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Kim Royster, new assistant NYPD chief, highest-ranking black woman in department history

Police Commissioner William Bratton shakes hands with Kim

Police Commissioner William Bratton shakes hands with Kim Royster, who was promoted to assistant chief, at the NYPD promotion ceremony, One Police Plaza, Monday, August 31, 2015. Credit: Bryan R. Smith

When she started with the NYPD, Kim Royster was essentially a civilian clerical worker, an administrative aide, before becoming a police officer in 1987.

Monday, some 28 years after donning a uniform, Royster continued her career odyssey with a promotion to the rank of assistant chief. The promotion gives Royster the distinction of being the highest ranking African-American woman in NYPD history.

The impact of the promotion hadn't hit home Monday as Royster, 52, met with reporters minutes after receiving her two-star promotion.

"When it is going to sink [in] is when someone out there sees they can make a change, they can actually make a change through all the hard work and dedication," Royster said. "I am saying this to all the young ladies out there who have been discouraged, who have had challenges. Make this your opportunity, you can do this, just keep going forward."

Royster's swearing-in as head of the police candidate assessment unit came during a departmentwide promotion ceremony at police headquarters in Manhattan, where several other high-level moves were made.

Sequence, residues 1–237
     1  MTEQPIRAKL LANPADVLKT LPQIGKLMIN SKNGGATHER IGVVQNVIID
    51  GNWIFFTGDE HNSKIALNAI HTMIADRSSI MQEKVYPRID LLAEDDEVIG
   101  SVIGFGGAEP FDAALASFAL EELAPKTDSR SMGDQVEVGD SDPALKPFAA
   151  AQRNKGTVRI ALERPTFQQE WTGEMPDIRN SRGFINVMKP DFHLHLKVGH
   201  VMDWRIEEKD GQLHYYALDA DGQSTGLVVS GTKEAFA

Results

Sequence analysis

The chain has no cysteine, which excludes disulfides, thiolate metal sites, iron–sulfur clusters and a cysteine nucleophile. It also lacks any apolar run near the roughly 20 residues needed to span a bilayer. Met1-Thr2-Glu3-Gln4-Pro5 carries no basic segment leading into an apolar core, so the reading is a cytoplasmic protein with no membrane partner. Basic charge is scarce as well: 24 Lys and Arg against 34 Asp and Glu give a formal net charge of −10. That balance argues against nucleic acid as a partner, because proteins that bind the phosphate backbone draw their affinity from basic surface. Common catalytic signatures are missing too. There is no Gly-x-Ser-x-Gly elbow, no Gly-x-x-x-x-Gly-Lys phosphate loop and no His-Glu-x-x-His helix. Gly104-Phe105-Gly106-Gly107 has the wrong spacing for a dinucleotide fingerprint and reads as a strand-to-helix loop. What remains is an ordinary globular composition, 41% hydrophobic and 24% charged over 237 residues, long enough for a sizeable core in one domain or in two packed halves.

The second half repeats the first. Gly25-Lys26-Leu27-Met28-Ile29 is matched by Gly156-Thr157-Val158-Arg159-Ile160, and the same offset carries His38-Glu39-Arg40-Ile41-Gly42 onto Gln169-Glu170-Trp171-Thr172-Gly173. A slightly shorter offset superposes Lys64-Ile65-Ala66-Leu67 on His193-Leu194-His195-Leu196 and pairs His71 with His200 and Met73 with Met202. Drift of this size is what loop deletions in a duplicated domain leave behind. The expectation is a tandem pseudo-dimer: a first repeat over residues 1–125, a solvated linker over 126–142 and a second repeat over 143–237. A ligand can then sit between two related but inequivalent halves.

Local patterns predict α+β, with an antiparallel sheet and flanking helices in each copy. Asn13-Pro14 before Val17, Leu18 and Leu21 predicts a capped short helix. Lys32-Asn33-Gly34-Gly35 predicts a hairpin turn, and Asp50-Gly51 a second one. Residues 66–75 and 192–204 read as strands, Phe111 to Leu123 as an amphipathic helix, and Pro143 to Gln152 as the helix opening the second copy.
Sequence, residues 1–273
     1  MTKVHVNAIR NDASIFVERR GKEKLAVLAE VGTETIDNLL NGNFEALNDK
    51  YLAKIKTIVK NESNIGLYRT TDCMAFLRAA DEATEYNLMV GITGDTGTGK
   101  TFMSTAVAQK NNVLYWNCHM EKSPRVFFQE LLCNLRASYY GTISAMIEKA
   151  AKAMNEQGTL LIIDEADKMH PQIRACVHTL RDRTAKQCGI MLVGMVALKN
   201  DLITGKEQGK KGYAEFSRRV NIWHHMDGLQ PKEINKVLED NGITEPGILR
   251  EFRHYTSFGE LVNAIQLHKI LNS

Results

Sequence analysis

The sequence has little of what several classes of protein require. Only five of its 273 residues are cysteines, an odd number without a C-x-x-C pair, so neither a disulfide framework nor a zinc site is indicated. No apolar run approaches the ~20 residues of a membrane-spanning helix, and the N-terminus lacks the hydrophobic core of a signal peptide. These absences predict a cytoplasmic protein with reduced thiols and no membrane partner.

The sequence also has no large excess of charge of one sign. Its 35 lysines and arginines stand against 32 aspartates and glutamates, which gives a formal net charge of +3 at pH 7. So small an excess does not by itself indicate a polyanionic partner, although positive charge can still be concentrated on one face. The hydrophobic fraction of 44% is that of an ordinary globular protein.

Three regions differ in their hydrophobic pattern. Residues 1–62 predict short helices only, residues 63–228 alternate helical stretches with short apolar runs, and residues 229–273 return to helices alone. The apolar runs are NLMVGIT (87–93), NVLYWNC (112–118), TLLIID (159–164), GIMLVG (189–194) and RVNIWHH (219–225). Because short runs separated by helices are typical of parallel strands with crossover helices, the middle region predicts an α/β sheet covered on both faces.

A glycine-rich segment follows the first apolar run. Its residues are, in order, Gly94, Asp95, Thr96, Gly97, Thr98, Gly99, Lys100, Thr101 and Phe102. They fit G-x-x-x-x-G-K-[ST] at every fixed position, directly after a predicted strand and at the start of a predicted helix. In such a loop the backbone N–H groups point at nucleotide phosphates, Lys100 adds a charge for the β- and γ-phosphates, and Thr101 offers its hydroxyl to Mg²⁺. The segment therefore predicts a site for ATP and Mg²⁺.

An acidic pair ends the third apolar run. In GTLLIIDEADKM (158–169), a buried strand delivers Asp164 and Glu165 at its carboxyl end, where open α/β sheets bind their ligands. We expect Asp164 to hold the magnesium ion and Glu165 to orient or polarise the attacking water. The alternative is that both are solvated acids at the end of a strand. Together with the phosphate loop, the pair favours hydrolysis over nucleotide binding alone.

Among those promoted were Edward Mullane, 55, who grew up in Bellmore and was made deputy chief. Mullane works in the operations division under the command of the office of the chief of department, an NYPD spokesman said.

Royster takes over her new job and is tasked with improving and simplifying the candidate application and selection process of the NYPD at a time when it is seeking to diversify the force, particularly among black men, who represent only about 15 percent of the department.

She stressed that the push for diversity didn't mean the NYPD was going to cut back on standards.

"What we are looking to do is get the best candidate possible," Royster said. "We want quality, we want diversity and we want efficiency. . . . We want the best candidate we can get and education is very important here."

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